Testamentary capacity explained
One of the essential requirements for a Will to be valid is that the person making it (the testator) must have testamentary capacity. This means that the testator must have sufficient mental capacity to make a Will. If a Will is rational on its face, and correctly signed in front of witnesses, it will be presumed that the testator had testamentary capacity. In these circumstances anyone disputing the Will on capacity grounds will need to show that the testator did not have testamentary capacity.
The test for whether an individual has the testamentary capacity to carry out a particular action is task specific. This means that the requirements can differ, depending on the action being considered, with more complicated tasks requiring a higher level of capacity.
The test of capacity to make a Will
To have testamentary capacity a testator must understand:
- the nature of a Will and its effects,
- the extent of his or her property, and
- the moral obligations that he or she ought to consider. This includes distinguishing between individuals and reaching a moral judgment, such as whether one child should be preferred over other children, because they are less well provided for, more deserving, or in need of greater financial assistance due to family responsibilities or their state of health;
- and have no disorder of the mind that perverts their sense of right or prevents the exercise of their natural faculties in disposing of their property by will.
It is not necessary that the testator remembers details without prompting. In one case the judge reiterated that capacity depends on the potential to understand these matters. It was irrelevant that the testator had forgotten she owned a particular asset until reminded, just that when reminded she understood that she owned it.
Similarly, capacity does not require understanding of the collateral consequences of making a Will. In the same case, the testator did not appreciate that equally gifting her shares in the family company to her children could potentially lead to deadlock over decisions. However, this did not affect the fact that she understood she owned the shares, appreciated the claims of her children and formulated the desire to leave the shares to the children equally, which she understood her Will achieved. Therefore, in the eyes of the law, she had capacity to make the Will, even though she did not appreciate the ramifications of leaving the shares equally.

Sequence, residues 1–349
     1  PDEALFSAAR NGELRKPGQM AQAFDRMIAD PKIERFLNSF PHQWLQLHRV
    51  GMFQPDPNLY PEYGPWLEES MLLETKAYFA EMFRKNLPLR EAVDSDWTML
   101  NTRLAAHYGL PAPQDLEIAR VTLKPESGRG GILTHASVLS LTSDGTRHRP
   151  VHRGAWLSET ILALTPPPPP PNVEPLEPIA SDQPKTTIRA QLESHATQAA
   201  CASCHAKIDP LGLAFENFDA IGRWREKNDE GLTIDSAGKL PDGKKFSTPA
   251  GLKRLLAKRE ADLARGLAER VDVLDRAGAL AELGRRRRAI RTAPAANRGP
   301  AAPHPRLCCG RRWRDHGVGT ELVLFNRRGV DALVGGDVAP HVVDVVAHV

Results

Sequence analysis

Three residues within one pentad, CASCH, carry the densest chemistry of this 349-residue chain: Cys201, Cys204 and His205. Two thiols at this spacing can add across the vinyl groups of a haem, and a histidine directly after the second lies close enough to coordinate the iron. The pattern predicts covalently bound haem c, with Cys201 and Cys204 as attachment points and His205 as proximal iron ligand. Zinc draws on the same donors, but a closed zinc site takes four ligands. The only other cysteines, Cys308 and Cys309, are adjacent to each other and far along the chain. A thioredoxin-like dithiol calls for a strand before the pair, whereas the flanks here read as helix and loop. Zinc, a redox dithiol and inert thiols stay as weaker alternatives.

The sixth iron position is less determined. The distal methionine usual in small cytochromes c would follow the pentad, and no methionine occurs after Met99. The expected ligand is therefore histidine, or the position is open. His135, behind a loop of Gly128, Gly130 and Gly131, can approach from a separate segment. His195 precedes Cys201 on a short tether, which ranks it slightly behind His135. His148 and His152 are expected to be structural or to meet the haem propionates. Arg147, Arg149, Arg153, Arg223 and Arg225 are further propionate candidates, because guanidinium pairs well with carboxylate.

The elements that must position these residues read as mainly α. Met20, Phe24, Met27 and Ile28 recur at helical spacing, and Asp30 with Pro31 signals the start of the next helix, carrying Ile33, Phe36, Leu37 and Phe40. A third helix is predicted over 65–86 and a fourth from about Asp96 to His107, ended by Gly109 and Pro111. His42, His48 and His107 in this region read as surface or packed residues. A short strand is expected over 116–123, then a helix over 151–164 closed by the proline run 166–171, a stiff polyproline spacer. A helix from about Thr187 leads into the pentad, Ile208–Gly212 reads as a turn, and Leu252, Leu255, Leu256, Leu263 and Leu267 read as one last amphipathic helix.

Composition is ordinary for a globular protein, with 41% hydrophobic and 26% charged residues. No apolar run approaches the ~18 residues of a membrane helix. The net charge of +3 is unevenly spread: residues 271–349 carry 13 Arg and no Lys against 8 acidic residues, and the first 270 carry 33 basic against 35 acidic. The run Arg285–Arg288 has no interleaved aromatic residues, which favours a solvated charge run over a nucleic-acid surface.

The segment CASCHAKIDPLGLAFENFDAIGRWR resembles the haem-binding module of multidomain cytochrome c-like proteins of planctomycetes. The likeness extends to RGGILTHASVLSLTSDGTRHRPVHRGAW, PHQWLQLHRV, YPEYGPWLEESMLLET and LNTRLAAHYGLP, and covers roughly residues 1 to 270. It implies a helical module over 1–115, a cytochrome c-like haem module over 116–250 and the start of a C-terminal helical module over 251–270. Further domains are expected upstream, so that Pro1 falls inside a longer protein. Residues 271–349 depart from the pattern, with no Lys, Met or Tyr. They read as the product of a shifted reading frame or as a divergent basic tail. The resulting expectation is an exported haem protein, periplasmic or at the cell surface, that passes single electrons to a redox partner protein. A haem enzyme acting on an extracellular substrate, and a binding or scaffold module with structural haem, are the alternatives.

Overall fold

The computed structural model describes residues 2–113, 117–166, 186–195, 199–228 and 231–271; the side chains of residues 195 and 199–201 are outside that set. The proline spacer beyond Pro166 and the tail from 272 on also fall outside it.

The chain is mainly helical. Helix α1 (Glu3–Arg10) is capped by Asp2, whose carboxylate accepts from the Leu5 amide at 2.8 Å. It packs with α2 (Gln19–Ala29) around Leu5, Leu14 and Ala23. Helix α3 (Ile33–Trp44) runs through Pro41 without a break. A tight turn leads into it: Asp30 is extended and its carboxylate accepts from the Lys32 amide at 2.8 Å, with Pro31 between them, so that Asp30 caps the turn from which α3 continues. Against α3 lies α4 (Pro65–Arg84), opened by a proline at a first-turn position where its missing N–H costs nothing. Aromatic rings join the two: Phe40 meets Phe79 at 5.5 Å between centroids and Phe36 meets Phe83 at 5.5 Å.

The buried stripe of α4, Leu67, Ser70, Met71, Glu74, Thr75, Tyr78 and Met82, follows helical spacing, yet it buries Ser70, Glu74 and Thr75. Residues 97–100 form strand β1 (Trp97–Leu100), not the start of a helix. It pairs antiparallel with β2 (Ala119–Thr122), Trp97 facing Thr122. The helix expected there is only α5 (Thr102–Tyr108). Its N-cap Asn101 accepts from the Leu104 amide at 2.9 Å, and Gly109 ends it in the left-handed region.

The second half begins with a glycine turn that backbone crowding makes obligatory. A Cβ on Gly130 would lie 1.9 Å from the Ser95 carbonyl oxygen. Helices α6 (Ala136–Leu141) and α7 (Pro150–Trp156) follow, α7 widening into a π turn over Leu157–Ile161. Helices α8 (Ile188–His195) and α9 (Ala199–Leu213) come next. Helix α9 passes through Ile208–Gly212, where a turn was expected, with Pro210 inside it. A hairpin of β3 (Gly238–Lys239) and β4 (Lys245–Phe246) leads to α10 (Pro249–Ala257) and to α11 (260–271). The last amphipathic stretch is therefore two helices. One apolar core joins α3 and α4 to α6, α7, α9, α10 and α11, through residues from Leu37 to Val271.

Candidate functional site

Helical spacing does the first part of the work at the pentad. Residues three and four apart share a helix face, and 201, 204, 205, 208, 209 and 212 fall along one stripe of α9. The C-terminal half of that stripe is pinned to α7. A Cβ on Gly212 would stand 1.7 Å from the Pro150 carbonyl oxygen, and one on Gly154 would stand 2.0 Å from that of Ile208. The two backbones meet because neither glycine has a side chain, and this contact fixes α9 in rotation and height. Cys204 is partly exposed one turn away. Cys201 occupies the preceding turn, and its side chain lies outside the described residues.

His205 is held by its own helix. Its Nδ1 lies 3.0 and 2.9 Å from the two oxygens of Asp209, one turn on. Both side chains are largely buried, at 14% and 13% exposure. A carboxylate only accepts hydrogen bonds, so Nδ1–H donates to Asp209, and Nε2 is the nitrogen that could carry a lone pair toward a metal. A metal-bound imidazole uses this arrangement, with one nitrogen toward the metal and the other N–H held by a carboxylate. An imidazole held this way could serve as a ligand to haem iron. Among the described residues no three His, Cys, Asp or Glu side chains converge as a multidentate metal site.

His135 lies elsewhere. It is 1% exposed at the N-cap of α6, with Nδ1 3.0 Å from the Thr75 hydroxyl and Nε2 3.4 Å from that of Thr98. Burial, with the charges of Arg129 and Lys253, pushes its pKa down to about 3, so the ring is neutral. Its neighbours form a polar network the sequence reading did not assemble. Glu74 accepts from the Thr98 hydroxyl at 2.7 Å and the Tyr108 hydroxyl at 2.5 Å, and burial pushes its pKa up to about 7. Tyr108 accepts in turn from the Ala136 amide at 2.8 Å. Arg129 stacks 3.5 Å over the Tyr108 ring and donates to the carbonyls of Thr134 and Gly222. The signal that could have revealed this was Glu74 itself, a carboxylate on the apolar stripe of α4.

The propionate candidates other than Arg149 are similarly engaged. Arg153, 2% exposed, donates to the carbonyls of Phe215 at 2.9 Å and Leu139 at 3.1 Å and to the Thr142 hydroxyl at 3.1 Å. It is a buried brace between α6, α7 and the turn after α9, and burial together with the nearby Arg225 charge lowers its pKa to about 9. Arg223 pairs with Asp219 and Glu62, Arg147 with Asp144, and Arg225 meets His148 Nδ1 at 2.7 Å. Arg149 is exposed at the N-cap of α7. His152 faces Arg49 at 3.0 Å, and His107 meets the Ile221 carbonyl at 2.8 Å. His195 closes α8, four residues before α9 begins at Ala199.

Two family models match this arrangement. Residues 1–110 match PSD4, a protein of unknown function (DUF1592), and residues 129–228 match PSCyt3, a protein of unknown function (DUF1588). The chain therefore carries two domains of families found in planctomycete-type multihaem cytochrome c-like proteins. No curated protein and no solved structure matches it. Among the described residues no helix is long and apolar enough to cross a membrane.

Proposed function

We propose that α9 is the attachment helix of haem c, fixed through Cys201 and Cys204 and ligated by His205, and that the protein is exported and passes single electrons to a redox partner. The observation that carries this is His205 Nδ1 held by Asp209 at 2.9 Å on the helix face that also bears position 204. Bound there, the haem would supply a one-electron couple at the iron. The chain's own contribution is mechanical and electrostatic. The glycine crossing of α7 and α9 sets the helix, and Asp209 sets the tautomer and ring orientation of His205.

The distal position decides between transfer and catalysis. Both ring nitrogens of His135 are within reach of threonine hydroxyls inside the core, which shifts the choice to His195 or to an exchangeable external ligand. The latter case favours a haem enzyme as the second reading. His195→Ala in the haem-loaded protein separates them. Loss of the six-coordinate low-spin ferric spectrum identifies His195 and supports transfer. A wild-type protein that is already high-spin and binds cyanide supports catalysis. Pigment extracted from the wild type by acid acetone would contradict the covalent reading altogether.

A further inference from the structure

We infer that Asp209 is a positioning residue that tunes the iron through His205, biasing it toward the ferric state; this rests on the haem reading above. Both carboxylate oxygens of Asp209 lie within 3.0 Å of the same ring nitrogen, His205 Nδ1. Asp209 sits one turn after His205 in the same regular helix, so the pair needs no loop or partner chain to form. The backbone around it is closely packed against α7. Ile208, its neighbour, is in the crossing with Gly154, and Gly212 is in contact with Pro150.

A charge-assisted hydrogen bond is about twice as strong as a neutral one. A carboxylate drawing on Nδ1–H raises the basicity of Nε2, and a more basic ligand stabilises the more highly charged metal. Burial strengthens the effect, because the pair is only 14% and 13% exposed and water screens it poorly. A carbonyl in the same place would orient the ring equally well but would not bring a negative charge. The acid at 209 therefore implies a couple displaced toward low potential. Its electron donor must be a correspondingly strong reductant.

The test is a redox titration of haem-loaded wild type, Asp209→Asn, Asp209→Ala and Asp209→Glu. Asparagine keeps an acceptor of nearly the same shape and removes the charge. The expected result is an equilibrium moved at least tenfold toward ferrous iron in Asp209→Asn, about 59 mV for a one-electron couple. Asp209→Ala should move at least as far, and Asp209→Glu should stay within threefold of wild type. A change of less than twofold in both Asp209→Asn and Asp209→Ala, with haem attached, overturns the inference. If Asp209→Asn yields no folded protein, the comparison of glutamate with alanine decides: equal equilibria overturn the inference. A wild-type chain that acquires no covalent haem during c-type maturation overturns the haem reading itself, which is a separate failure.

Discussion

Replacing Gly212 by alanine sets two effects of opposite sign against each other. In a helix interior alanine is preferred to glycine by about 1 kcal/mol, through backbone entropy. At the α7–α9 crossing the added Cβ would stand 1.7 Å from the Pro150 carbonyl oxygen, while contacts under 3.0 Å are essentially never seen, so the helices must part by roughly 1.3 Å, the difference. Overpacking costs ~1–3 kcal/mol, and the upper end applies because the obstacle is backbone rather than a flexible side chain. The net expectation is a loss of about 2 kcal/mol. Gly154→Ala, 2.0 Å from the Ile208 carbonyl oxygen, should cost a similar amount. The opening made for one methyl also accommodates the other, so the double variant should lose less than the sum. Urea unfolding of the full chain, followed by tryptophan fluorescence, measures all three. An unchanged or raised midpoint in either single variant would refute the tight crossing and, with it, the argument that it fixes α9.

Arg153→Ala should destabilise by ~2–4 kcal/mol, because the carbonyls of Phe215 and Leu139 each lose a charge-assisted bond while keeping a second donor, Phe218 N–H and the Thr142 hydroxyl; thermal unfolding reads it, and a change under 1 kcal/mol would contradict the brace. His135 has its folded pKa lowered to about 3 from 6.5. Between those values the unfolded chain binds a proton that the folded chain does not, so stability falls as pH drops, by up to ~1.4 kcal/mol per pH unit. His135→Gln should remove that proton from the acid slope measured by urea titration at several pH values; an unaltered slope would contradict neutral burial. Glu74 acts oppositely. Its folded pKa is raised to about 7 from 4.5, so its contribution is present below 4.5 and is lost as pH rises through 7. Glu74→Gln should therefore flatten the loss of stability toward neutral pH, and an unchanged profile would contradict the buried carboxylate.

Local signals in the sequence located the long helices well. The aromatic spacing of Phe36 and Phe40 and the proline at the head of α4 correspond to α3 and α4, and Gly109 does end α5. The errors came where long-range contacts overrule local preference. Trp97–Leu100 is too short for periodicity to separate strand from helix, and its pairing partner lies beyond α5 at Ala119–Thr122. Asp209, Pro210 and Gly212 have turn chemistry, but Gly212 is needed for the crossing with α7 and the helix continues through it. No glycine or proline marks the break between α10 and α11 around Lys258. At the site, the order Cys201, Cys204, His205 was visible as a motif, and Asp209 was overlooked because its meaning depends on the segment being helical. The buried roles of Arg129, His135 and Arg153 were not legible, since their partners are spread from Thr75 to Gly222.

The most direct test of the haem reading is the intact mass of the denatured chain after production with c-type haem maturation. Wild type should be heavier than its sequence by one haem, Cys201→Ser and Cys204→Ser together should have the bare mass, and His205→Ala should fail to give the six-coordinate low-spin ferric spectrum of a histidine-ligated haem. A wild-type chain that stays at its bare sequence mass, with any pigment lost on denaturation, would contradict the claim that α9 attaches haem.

The burden of proof
When it comes to making a Will the test for capacity should be based ‘on the balance of probabilities’. In other words, is it more likely that the individual is capable or incapable? The person undertaking the test, typically the individual’s GP or consultant or another medical professional, does not need to be satisfied ‘beyond reasonable doubt’.
Medical evidence can be crucial in establishing capacity. The so-called “golden rule” for practitioners is that, in preparing a Will for a very elderly or seriously ill testator, contemporaneous, written medical evidence as to capacity should be obtained, so it can be produced if any later claim as to lack of capacity is made. Although, in one case it was stated that strong evidence of incapacity would be required, when an experienced solicitor had formed the opinion that the testator had capacity and had recorded this contemporaneously in writing.
If the individual does not have testamentary capacity
If the individual is deemed not have mental capacity the Will will be invalid and either their previous Will will determine the distribution of their estate or, if they do not have a previous Will, the rules of intestacy will decide how their estate is divided.
Many contentious probate cases involve allegations that a testator did not have testamentary capacity, often twinned with allegations that the testator did not know and approve of the Will’s contents, which is another vital component for a valid Will.
Contact a solicitor
Our private client team specialise in advising families on issues related to mental capacity. Contact us for a free and confidential initial consultation. We have specialist lawyers in London, Manchester, Bristol, Cardiff, Birmingham, Southampton and Taunton. Call us now on 0800 652 8025 or contact us online.